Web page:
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German Social Democrats see progress in push for coalition talks with Merkel

Reuters , Wednesday 17 Jan 2018
Coalition Talks
File Photo: Acting German Chancellor Angela Merkel and Social Democratic Party (SPD) leader Martin Schulz attend a news conference after exploratory talks about forming a new coalition government at the SPD headquarters in Berlin, Germany, January 12, 2018 (Photo: Reuters)
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The leader of Germany's Social Democrats (SPD) cited progress on Wednesday in a bid to win support for formal talks with Chancellor Angela Merkel's conservatives and some colleagues said rejecting a coalition would further hurt party ratings.

SPD members will vote on Sunday on whether to back coalition talks with the conservatives.

Last week they agreed to a coalition blueprint but some in the party say it does not bear sufficient hallmarks of their party and they would be better off in opposition.

SPD leader Martin Schulz is criss-crossing the country to convince delegates at the conference in Bonn to give him a mandate to pursue formal coalition talks in the face of a strong backlash from the party's left and youth wings.

Schulz said he was upbeat after a meeting with SPD members in the southern state of Bavaria on Wednesday, following stops this week in the western state of North Rhine-Westphalia, which will send about a quarter of the delegates.

"The mood was excellent," he told reporters, saying discussions were lively but resulted in broad support for the blueprint he had agreed with the conservatives.

Responding to calls from some in his party for changes to the framework agreement, he said the main points could not be altered but details could be added during coalition talks.

"A paper from exploratory talks is not the same thing as a coalition deal," he said, singling out rental caps and healthcare as areas where there could be more discussion.

Schulz also said it made sense to review the coalition after two years, a provision that is set out in last week's agreement.

The outcome of any talks is considered crucial because Germany has Europe's largest economy and Merkel has played a leading role in the continent's economic and security affairs.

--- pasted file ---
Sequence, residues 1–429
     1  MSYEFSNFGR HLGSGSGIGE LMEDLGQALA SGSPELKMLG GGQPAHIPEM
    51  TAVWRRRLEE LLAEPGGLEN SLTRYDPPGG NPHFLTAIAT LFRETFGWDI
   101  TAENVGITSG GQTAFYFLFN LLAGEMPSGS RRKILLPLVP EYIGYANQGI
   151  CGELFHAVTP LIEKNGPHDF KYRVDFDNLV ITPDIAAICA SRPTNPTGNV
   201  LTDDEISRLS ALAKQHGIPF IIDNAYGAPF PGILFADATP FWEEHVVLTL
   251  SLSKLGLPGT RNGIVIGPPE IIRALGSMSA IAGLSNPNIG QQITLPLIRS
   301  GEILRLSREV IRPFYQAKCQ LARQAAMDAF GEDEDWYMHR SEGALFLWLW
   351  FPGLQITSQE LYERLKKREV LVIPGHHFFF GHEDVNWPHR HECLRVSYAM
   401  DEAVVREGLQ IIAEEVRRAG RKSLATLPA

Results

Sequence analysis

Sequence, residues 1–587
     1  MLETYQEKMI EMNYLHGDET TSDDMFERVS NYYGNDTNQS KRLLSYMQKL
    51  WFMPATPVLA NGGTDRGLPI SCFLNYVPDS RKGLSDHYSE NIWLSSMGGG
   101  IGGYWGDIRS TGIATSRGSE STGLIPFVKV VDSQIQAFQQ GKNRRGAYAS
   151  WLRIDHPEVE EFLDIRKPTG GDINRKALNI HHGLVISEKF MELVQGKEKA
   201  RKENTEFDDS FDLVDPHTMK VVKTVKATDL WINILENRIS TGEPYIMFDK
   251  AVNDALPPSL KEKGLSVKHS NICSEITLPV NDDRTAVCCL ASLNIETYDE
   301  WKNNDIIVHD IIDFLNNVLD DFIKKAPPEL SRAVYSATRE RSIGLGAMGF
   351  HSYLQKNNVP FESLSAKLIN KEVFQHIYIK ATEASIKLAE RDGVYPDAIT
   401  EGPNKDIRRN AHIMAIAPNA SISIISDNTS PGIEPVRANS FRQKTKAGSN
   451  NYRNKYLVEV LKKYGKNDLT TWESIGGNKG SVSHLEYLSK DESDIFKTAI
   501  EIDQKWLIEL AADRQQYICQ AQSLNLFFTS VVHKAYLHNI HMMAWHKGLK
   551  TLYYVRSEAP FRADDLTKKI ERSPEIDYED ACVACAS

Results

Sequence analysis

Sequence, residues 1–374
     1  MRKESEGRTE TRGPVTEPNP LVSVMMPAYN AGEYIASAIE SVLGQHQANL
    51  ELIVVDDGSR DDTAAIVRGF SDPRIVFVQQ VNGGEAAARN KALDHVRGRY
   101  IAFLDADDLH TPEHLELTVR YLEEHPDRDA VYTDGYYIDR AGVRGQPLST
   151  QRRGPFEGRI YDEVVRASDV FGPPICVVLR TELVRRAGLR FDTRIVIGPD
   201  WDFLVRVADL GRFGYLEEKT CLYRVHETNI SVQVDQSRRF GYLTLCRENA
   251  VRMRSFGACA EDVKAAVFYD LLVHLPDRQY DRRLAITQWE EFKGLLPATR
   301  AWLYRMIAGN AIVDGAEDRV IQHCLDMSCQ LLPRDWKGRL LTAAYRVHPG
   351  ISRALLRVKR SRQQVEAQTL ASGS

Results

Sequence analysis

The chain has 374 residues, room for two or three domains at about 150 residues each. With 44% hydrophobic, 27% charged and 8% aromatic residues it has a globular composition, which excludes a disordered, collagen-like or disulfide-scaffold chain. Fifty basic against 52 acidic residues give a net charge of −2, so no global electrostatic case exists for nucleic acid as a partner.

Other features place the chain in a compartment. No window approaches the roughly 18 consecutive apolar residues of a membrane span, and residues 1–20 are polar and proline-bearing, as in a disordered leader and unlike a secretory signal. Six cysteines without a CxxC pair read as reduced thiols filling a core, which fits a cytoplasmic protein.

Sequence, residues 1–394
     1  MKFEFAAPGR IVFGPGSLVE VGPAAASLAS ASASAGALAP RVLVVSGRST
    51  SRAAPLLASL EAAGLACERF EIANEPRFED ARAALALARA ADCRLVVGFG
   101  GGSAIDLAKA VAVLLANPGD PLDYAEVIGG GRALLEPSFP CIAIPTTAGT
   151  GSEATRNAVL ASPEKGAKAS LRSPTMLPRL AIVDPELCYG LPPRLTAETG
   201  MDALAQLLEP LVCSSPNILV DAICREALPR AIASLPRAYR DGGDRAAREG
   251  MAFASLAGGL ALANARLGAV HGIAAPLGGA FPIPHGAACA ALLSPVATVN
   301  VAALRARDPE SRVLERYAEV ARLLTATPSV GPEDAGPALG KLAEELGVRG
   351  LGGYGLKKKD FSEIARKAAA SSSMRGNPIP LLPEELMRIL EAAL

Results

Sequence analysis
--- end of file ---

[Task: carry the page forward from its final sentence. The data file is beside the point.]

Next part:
SPD General Secretary Lars Klingbeil said he understood party scepticism about a re-run of the 'grand coalition' that governed Germany in the last four years but warned against the alternative.

"Before voting at the party congress SPD delegates should be aware that there are only two realistic scenarios: negotiating further or new elections," he told Die Zeit weekly's online edition.

The SPD had planned to reinvent itself in opposition after a poor election showing in September but was persuaded to enter the talks when Merkel's attempt to form a coalition with two smaller parties failed in November.


The latest INSA poll showed the SPD slipping to 18.5 percent, its worst result in that particular survey, and weaker still than the 20.5 percent it achieved in September's election - which was its poorest performance since 1933.

The coalition question has split the SPD with branches in Berlin and the eastern state of Saxony-Anhalt recommending their members vote against. The Jusos youth faction is on a "No Grand Coalition" tour to rally delegates to reject the talks.

Norbert Roemer, head of the SPD's parliamentary group in North Rhine-Westphalia said results of the exploratory talks did not make clear enough that there would be a fresh start.

He told the Sueddeutsche Zeitung newspaper: "In our party - and this is true of me too - there's a lot of mistrust of Ms Merkel and her troops."

The most divisive issues for the two blocs concern taxes, pensions, migration and healthcare but both parties are aware that a grand coalition is one of the last options on the table.

Refusal by SPD delegates to hold further talks could lead to new elections or a minority Merkel-led government for the first time in the post-war era.

By contrast, Brandenburg and Hamburg are in favour of coalition talks, as are trades unions and a dozen SPD mayors from big cities have also called on delegates to vote in favour.

Highlighting fears about the destructive effects of the divisions within the SPD, senior party figure Carsten Schneider said "there is a real worry about the survival of the SPD".

Edgar Franke, of the SPD's conservative "Seeheimer Kreis" wing, said if his party refused to join a grand coalition, it risked sliding to 15 or 16 percent. "And it won't recover from that in the long term," Franke told Focus magazine.

Merkel, who needs the SPD to back the alliance to shore up her fourth term, said Germany needed a stable government and that she was counting on the SPD to "take a responsible decision" by giving the go-ahead to formal coalition talks.

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